An MIT professor just published a book in which she recounts the stories of her students about the moment when they first came to science in a personal, meaningful way. As I was listening to the story on NPR I remembered my flash of inspiration in 6th grade at Horace Mann Elementary School. We'd recently had the first ever Earth Day, and I caught the fervor.
Electricity was the concern then, and we were all about turning out lights as the only remedy available. Until, of course, my eleven-year-old brain hit the scene. "Mr. Miller, let's just reproduce the chemical reaction that produces light in fireflies, put it in a bulb, and we have electric-less light." Presto. Just give me my Nobel Prize now, thank you.
What? What do you mean, how do we get all that magnesium? Trigger the reaction continuously? Fiddle-de-dee, I came up with the idea. It's up to you (a non-specified you) to figure out how to implement the idea. Don't bother me with the details, I have more thinking to do.
Then I remembered that, in fact, I had a scientific moment three years earlier, in Social Studies class. Our books illustrated how factories could purify their exhaust smoke to help reduce pollution. My hand started waving in the air, "Mrs. Wakeland, couldn't you take the purified steam and run it underground to heat the streets? It would stop the need for salt trucks, and there wouldn't be any accidents."
She encouraged me to write up my proposition in a letter to the President (my first of many to the Nixon family), and Steve Wisely (where are you now Steve? You gave me a beautiful May Basket that year which I've never forgotten) drew the accompanying schematic.
Sadly my brilliant ideas remained just ideas, but I kept my interest in science, and even harbored the thought of becoming a geneticist and curing disease (well, that is, if I couldn't make it as an actress). And then I met higher mathematics.
I was pretty good with basic arithmetic. I always needed pen and paper, but I could usually figure out the answer. When, however, math started including letters as well as numbers, I couldn't make the leap. I suppose I could if I'd really tried, but I lost interest - I might need to know how many are left when you subtract 84 from 156, but who cares what equals X?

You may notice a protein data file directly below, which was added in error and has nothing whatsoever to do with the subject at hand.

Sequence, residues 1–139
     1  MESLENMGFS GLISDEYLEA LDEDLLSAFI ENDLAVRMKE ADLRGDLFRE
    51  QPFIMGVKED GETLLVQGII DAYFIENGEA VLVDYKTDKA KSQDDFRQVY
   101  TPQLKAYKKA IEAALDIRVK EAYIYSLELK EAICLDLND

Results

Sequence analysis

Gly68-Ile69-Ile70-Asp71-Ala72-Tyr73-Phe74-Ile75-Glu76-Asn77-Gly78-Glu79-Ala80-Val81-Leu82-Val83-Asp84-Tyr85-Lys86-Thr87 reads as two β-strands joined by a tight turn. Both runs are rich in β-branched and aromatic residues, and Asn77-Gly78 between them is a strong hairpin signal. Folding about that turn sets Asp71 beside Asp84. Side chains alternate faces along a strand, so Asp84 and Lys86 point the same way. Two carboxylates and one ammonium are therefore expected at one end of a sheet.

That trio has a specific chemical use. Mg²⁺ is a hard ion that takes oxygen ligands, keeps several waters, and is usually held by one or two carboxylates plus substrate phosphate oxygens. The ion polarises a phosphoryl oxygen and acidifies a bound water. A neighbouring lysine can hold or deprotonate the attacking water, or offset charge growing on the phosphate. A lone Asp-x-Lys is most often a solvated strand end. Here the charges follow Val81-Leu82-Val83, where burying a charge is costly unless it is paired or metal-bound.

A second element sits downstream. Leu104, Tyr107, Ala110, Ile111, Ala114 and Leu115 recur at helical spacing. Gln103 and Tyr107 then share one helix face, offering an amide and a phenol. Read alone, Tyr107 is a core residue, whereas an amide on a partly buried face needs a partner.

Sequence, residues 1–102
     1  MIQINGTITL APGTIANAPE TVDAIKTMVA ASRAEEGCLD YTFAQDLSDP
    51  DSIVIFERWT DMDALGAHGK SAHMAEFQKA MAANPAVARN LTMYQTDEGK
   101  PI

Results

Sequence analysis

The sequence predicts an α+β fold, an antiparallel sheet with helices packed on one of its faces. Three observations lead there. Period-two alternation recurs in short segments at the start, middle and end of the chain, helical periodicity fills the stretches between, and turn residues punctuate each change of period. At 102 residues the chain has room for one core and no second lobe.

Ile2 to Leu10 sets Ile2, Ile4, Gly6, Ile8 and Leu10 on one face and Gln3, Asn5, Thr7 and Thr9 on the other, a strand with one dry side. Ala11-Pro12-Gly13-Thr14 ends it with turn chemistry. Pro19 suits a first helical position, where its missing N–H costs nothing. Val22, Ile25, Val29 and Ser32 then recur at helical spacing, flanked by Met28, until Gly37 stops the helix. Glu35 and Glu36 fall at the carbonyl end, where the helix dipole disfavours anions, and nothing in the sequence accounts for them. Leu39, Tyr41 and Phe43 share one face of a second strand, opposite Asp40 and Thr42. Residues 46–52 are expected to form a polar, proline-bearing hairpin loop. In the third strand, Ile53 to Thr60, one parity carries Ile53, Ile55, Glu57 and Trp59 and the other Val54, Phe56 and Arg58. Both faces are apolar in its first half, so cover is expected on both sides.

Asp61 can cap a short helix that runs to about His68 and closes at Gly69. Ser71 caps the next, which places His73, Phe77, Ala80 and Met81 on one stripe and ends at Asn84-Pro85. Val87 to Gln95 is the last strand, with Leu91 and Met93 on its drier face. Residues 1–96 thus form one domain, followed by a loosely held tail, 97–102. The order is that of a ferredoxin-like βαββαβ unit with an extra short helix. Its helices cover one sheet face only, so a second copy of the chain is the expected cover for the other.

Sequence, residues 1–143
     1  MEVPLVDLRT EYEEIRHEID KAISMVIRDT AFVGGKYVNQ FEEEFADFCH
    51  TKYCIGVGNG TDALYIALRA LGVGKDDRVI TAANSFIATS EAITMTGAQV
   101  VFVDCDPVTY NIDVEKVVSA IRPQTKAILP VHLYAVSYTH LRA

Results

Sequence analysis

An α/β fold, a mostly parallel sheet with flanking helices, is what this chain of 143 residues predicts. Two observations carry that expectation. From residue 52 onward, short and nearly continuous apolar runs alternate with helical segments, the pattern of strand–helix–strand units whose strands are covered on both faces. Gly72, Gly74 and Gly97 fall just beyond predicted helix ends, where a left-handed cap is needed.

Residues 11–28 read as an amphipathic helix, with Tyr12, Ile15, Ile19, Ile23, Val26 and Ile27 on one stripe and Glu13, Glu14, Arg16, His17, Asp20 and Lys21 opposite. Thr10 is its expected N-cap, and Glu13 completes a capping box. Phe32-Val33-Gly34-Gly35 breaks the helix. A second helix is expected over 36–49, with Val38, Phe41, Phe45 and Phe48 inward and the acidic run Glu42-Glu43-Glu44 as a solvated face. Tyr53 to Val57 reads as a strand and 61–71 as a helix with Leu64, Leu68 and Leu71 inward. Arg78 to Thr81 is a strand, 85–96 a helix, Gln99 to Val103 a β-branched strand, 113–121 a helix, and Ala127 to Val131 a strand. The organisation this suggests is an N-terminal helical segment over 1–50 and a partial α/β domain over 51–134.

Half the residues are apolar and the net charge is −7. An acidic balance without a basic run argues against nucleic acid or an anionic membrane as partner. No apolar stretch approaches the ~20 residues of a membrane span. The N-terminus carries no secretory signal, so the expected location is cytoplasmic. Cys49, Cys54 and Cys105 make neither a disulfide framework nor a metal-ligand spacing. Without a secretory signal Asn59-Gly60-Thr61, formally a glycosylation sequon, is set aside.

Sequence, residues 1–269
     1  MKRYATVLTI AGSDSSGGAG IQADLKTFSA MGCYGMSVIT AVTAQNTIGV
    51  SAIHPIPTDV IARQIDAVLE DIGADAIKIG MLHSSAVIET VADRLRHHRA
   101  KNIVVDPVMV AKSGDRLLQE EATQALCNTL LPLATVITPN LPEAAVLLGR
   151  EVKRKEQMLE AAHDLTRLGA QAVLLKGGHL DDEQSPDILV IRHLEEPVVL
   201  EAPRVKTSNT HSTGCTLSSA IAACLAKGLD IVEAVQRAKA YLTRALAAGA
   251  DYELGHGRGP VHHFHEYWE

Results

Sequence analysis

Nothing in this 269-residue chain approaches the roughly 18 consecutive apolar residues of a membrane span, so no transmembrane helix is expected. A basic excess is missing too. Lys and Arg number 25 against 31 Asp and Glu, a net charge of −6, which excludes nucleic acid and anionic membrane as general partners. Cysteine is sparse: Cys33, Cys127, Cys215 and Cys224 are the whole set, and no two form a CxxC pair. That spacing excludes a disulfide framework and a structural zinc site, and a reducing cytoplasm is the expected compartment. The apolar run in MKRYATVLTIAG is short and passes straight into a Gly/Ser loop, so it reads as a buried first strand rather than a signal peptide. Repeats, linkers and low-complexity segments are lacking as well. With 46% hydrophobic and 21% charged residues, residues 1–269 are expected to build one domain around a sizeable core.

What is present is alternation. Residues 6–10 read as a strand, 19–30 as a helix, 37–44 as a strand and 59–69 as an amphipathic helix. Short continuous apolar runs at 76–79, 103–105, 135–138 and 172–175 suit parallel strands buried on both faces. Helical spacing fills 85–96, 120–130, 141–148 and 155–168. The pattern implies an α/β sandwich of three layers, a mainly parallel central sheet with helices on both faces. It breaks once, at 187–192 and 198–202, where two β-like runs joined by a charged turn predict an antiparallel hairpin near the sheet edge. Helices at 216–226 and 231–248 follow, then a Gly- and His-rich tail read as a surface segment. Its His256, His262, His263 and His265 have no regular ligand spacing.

Math was math, science was science, and the twain didn't meet soon enough to make a difference. And real life applications didn't enter the equation at all (pun intended).
And then came knitting.
I first became aware of the math of knitting in the 1980s at The Knit & Needlepoint Shop. Charlotte could take any pattern, or photo, or idea, then take your measurements and gauge, and write out the directions in less than an hour. Her patterns always fit perfectly, and yardage was spot on. It was a sad day when the shop closed.
I had to do the math myself, and to my surprise, I found I could do it with reliable results. Sure, every once in a while I err, but mostly the math prevails. I still use pen and paper, and bejewelled calculator I inherited from my mother. If truth be told, I use the calculator even when I don't need to (I still remember my times tables), just for the pleasure of touching the sparkly jewels and remembering my mother trying to balance her checkbook!
I could make my own patterns, just like Charlotte. I designed a sweater for the Ravelry Knitting Olympics,
another for my not-at-all-wicked-stepmother,
a hat that requires you to do math, and countless modifications of other patterns (pun intended again).
Now that I'm undaunted by the math, maybe I'll go back to the task of saving the planet.